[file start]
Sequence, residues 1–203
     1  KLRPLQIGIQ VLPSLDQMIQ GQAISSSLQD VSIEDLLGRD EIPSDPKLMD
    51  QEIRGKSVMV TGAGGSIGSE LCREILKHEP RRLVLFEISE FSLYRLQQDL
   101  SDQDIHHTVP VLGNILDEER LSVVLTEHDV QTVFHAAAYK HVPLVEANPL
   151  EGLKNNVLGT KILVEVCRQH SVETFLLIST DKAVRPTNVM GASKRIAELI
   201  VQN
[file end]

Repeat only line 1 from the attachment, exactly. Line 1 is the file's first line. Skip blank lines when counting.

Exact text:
Sequence, residues 1–203